Volume 8, No. 8 – November/December 2021
In this issue
• WWHP Celebrates 25th Anniversary

• Carole Simpson: Pioneering Journalist
WWHP Celebrates 25th Anniversary  
2021 marks the 25th anniversary of Working Women’s History Project. In celebration of the occasion, we will include in our next two newsletters a retrospective of our work since 2016, when we produced a three-part issue of our newsletter devoted to WWHP’s history during our first 20 years. 

One of our major accomplishments in 2021 was to launch our new website, www.wwhpchicago.org, which showcases eye-catching photos, as well as an overview of our mission, our history, and our activities. Visitors to the site will also see short rotating biographies of 13 women, living and from the past, who have made sizable contributions in women’s rights.

An important aspect of our work has been to recognize and celebrate events that have given women more political power, from getting the attention of elected officials to achieving the right to vote to finding ways to exercise their voting power. The national narrative has not regarded all American women equally. It would take many more years after the passage of the 19th Amendment in 1920, for women of color to have access to the vote nation-wide, and even longer to recognize the many contributions of Black women and other women of color in that struggle. Some of our events in recent years have, in part, addressed those omissions, as we have sought to emphasize the power of the vote.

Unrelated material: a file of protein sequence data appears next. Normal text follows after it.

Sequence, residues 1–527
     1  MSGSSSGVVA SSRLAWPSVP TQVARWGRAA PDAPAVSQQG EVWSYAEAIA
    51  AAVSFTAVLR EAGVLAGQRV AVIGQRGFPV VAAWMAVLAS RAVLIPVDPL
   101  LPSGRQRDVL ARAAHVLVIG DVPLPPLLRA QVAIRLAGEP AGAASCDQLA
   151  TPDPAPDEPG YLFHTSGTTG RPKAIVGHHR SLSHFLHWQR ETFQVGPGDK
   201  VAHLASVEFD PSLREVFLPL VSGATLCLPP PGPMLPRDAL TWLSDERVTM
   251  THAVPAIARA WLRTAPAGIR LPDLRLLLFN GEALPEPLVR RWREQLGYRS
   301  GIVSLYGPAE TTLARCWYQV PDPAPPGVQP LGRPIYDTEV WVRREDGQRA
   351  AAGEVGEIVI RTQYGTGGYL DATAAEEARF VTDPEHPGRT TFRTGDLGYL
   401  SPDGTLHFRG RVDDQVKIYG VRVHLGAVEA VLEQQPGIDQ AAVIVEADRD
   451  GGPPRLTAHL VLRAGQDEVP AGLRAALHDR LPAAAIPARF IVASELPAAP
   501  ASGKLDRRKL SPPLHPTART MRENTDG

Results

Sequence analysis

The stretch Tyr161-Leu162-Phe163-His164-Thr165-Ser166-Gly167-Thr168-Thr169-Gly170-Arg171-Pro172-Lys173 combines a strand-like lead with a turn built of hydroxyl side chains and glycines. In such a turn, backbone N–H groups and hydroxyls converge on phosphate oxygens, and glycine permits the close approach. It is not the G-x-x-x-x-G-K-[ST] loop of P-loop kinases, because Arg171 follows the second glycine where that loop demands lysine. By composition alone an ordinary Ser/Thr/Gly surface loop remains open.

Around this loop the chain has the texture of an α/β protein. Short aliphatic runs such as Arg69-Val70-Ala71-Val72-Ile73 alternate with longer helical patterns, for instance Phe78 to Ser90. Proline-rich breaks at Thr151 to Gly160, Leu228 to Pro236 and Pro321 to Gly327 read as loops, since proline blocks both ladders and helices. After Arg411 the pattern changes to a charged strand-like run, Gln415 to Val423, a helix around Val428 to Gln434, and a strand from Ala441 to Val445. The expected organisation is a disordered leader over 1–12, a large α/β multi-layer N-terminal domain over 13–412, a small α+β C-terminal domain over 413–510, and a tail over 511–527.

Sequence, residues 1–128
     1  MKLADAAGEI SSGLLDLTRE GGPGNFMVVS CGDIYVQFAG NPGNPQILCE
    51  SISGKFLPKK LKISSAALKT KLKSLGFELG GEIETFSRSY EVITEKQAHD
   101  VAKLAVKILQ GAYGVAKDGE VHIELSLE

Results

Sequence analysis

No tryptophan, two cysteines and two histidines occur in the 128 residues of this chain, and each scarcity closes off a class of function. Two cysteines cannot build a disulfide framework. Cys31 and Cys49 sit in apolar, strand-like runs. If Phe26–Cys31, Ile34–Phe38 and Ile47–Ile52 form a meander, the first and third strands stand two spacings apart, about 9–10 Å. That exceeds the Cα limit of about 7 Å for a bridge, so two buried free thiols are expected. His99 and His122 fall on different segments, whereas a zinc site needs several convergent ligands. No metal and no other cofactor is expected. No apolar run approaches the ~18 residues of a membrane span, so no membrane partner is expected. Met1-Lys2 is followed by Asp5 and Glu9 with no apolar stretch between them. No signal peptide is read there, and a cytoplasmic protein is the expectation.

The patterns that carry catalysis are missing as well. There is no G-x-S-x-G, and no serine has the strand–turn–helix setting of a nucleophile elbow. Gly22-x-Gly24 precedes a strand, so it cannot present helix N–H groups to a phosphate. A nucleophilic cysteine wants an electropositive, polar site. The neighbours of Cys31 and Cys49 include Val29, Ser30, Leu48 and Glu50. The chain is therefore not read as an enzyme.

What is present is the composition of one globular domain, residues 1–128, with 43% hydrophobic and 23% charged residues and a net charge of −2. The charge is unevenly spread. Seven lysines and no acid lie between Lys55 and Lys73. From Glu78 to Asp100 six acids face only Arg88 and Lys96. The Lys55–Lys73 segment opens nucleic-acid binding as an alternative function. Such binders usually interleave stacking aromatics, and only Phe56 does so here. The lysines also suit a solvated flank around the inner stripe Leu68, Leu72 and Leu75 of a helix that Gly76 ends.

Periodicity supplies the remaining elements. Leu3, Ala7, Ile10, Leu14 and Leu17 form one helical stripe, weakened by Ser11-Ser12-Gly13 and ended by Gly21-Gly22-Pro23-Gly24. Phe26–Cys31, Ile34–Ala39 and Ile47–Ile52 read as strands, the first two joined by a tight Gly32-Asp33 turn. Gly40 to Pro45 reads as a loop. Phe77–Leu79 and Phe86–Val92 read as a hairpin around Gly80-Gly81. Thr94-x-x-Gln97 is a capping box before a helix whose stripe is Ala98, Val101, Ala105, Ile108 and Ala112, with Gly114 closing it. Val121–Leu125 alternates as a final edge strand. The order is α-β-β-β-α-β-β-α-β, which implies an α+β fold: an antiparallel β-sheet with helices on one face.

2021: Next Steps Collaborative Events     
In 2021, WWHP partnered with AAUW of Chicago, Ida's Legacy, Hairpin Arts Center, Vivian G. Harsh Society and the League of Women Voters Chicago to form Next Steps Collaborative. We presented a 3-part virtual series titled, "Progressive Women and Political Values.” 
2020: "Recognition Delayed: The Contributions of African American Suffragists and Why Their Stories Matter."
In March 2020, WWHP, in conjunction with AAUW-Chicago, Vivian G. Harsh Society and University of Illinois Library held an in-person event titled, "Recognition Delayed: The Contributions of African American Suffragists and Why Their Stories Matter." The keynote speaker was Marcia Walker-McWilliams, Executive Director of the Black Metropolis Research Consortium. Her lecture was followed by a panel discussion moderated by Elizabeth Todd-Breland, Associate Professor, UIC. The panelists were: Asiaha Butler, president, Resident Association of Greater Englewood; Delmarie Cobb, president, Ida's Legacy; Ibie Hart, Women's Business Dev. Manager, Illinois Dept. of Commerce and Economic Opportunity; Anne Jamieson, president, League of Women Voters of Chicago.       

2019: “Mother Jones in Heaven: A Musical” by Si Kahn
WWHP helped bring this extraordinary one-woman play to Chicago and supported it.  Vivian Nesbit performed as Mother Jones with John Dillon on guitar.  
2019: “Addie Wyatt—Life Can Be Better” by Alma Washington